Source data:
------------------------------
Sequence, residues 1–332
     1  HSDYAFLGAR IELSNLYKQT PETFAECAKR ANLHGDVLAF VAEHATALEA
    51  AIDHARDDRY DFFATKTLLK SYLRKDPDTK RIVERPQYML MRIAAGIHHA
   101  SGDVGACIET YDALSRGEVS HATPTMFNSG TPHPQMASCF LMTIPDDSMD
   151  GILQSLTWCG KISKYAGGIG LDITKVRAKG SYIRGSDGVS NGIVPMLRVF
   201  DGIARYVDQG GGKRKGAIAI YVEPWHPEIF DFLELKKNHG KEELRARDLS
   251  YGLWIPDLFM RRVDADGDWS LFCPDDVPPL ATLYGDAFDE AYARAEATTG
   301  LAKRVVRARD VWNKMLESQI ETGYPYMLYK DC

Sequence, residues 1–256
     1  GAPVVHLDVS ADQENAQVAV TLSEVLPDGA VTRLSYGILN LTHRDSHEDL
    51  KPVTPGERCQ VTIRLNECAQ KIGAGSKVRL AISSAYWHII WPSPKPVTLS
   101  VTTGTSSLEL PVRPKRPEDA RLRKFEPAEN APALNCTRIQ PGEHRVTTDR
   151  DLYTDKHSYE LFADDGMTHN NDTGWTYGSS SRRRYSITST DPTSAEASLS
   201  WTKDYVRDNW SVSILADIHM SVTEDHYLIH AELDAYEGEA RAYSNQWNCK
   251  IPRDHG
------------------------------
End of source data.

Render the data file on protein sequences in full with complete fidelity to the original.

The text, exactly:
Sequence, residues 1–332
     1  HSDYAFLGAR IELSNLYKQT PETFAECAKR ANLHGDVLAF VAEHATALEA
    51  AIDHARDDRY DFFATKTLLK SYLRKDPDTK RIVERPQYML MRIAAGIHHA
   101  SGDVGACIET YDALSRGEVS HATPTMFNSG TPHPQMASCF LMTIPDDSMD
   151  GILQSLTWCG KISKYAGGIG LDITKVRAKG SYIRGSDGVS NGIVPMLRVF
   201  DGIARYVDQG GGKRKGAIAI YVEPWHPEIF DFLELKKNHG KEELRARDLS
   251  YGLWIPDLFM RRVDADGDWS LFCPDDVPPL ATLYGDAFDE AYARAEATTG
   301  LAKRVVRARD VWNKMLESQI ETGYPYMLYK DC

Sequence, residues 1–256
     1  GAPVVHLDVS ADQENAQVAV TLSEVLPDGA VTRLSYGILN LTHRDSHEDL
    51  KPVTPGERCQ VTIRLNECAQ KIGAGSKVRL AISSAYWHII WPSPKPVTLS
   101  VTTGTSSLEL PVRPKRPEDA RLRKFEPAEN APALNCTRIQ PGEHRVTTDR
   151  DLYTDKHSYE LFADDGMTHN NDTGWTYGSS SRRRYSITST DPTSAEASLS
   201  WTKDYVRDNW SVSILADIHM SVTEDHYLIH AELDAYEGEA RAYSNQWNCK
   251  IPRDHG